This chapter continues an analysis of the degeneracy of the vertebrate mitochondrial genetic code in the matrix form of its presentation, which possesses the symmetrical black-and-white mosaic. Taking into account a symmetry breakdown in molecular compositions of the four letters of the genetic alphabet, the connection of this matrix form of the genetic code with a Hadamard (8x8)-matrix is discovered. Hadamard matrices are one of the most famous and the most important kinds of matrices in the theory of discrete signals processing and in spectral analysis. The special U-algorithm of transformation of the symbolic genetic matrix [C A; U G](3) into the appropriate Hadamard matrix is demonstrated. This algorithm is based on the molecular parameters of the letters A, C, G, U/T of the genetic alphabet. In addition, the analogical relations is shown between Hadamard matrices and other symmetrical forms of genetic matrices, which are produced from the symmetrical genomatrix [C A; U G](3) by permutations of positions inside triplets. Many new questions arise due to the described fact of the connection of the genetic matrices with Hadamard matrices. Some of them are discussed here, including questions about an importance of amino-group NH2 in molecular-genetic systems, and about possible relations with the theory of quantum computers, where Hadamard gates are utilized. A new possible answer is proposed to the fundamental question concerning reasons for the existence of four letters in the genetic alphabet. Some thoughts about cyclic codes and a principle of molecular economy in genetic informatics are presented as well.
Introduction And Background
We continue to investigate connections of the genetic matrices with matrix formalisms of the theory of discrete signals processing. One of the most famous and the most important kinds of matrices in this theory are the so called Hadamard matrices. These matrices are used also in many other fields due to their advantageous properties: in error-correcting codes such as the Reed-Muller code; in spectral analysis; in multi-channels spectrometers with Hadamard transformations; in quantum computers with Hadamard gates (or logical operators), in quantum mechanics as unitary operators, etc.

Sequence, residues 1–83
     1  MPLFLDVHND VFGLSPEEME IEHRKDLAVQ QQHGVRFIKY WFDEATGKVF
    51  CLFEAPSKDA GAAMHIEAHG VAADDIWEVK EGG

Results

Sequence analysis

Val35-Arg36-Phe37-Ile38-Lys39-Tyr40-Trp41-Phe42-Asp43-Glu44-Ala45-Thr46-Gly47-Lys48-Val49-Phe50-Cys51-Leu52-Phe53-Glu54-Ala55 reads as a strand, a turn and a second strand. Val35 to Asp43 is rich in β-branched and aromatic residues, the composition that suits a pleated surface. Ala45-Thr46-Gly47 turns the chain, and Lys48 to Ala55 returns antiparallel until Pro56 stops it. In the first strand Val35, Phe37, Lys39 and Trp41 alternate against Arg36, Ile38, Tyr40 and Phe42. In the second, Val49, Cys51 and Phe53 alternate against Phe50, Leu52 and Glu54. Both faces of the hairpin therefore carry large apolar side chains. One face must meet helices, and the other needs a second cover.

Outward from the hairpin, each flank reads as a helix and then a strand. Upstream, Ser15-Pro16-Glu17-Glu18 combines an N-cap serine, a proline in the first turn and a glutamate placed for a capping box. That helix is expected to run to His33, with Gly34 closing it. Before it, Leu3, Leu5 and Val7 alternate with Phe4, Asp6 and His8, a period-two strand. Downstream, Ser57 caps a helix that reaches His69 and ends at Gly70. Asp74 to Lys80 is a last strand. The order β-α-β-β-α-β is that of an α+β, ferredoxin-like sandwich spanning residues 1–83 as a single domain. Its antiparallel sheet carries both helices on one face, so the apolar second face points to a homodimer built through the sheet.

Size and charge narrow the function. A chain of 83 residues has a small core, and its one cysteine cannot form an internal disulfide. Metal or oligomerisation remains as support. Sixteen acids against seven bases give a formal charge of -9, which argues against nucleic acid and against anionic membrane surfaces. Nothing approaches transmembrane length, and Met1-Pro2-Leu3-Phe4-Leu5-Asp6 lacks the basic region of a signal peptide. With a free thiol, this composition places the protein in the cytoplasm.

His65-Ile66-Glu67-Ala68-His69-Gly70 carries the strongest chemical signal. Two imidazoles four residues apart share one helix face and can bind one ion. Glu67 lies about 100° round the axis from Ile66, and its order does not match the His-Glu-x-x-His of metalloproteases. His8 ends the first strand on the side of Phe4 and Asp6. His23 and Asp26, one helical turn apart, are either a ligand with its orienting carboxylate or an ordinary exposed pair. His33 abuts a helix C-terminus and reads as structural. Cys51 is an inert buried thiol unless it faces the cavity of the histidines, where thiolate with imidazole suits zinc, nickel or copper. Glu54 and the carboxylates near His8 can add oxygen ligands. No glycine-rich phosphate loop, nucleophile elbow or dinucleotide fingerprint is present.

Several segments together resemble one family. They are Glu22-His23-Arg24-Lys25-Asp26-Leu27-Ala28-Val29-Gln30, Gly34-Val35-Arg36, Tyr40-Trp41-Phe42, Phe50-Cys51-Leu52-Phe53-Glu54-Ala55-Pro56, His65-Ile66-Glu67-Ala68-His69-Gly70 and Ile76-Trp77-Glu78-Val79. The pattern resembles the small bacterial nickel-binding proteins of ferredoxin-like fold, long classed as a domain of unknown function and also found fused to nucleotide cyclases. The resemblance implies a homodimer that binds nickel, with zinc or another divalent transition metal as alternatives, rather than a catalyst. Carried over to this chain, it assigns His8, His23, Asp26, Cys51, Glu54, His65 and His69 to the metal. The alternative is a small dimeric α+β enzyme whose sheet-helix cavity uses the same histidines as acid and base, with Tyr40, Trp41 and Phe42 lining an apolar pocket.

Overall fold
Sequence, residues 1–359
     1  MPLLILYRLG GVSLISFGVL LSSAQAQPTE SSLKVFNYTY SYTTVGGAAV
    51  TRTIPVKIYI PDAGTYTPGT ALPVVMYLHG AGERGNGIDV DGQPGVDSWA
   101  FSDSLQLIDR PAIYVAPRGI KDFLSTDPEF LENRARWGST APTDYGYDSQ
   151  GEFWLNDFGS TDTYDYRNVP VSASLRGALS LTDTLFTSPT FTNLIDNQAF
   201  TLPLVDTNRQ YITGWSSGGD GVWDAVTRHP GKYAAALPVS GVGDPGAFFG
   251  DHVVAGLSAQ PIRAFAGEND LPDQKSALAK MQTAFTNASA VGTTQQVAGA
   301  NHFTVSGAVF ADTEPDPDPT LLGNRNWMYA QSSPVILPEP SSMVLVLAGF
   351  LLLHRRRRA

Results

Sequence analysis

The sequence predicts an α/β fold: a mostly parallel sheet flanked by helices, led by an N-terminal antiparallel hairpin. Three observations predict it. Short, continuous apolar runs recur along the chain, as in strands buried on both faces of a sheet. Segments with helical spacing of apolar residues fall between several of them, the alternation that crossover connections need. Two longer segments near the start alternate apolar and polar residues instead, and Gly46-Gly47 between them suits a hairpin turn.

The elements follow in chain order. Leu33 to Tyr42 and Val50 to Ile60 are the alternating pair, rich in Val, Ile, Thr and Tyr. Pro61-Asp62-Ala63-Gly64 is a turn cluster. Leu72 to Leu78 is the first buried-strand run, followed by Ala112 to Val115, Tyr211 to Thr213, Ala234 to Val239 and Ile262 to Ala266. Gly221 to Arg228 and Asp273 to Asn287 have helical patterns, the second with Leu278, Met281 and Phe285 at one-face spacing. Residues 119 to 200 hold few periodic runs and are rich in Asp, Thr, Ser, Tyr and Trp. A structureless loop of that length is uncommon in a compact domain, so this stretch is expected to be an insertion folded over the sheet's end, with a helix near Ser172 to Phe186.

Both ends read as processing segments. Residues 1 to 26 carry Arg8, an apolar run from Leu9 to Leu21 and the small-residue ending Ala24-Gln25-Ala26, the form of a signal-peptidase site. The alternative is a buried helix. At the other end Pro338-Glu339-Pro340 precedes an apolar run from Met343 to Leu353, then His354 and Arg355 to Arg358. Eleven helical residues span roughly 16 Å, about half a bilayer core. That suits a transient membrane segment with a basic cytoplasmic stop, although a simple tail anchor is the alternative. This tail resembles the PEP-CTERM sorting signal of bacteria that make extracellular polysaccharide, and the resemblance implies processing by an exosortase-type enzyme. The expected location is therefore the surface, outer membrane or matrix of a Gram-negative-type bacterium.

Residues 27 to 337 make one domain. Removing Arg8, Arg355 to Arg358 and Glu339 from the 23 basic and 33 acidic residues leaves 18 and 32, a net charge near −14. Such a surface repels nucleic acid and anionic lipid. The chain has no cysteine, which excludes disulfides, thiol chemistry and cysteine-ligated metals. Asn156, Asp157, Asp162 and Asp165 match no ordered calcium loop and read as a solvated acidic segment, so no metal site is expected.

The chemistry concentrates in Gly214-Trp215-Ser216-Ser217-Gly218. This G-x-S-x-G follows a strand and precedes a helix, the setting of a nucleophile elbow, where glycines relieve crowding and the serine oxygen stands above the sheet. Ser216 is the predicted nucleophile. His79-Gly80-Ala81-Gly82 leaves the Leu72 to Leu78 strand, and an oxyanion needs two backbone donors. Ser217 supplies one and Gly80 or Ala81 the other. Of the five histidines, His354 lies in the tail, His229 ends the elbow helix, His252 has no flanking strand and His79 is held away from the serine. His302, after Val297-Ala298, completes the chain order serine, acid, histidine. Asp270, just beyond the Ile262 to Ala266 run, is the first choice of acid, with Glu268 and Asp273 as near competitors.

Does any natural connection exist between the genetic matrices, which were described in previous chapters, and Hadamard matrices? This question should be investigated especially because a possible positive answer to it may lead to many significant consequences and new thoughts about structures of the genetic code. This chapter demonstrates the existence of such a connection and analyzes some questions related to it.
A huge number of scientific publications are devoted to Hadamard matrices. These matrices give effective opportunities for information processing.
By definition a Hadamard matrix of dimension “n” is the (nxn)-matrix H(n) with elements “+1” and “-1”. It satisfies the condition H(n)*H(n)T = n*In, where H(n)T is the transposed matrix and In is the (nxn)-identity matrix. The Hadamard matrices of dimension 2k are given by the recursive formula H(2k) = H(2)(k) = H(2)⊗H(2k-1) for 2 ≤ k∈N, where ⊗ denotes the Kronecker (or tensor) product, (k) means the Kronecker exponentiation, k and N are integers, H(2) is demonstrated in Figure 1.
The family of Hadamard matrices H(2k) based on the Kronecker product
Rows of a Hadamard matrix are mutually orthogonal. It means that every two different rows in a Hadamard matrix represent two perpendicular vectors, a scalar product of which is equal to 0. The element “-1” can be disposed in any of four positions in the Hadamard matrix H(2). Such matrices are used in many fields due to their advantageous properties: in error-correcting codes such as the Reed-Muller code; in spectral analysis and multi-channel spectrometers with Hadamard transformations; in quantum computers with Hadamard gates, etc. It was discovered unexpectedly that Hadamard matrices reflect essential peculiarities of molecular genetic systems (Petoukhov, 2005, 2006, 2008a-d).
Normalized Hadamard (2x2)-matrices are matrices of rotation on 450 or 1350 depending on an arrangement of signs of its individual elements. A Kronecker product of two Hadamard matrices is a Hadamard matrix as well. A permutation of any columns or rows of a Hadamard matrix leads to a new Hadamard matrix.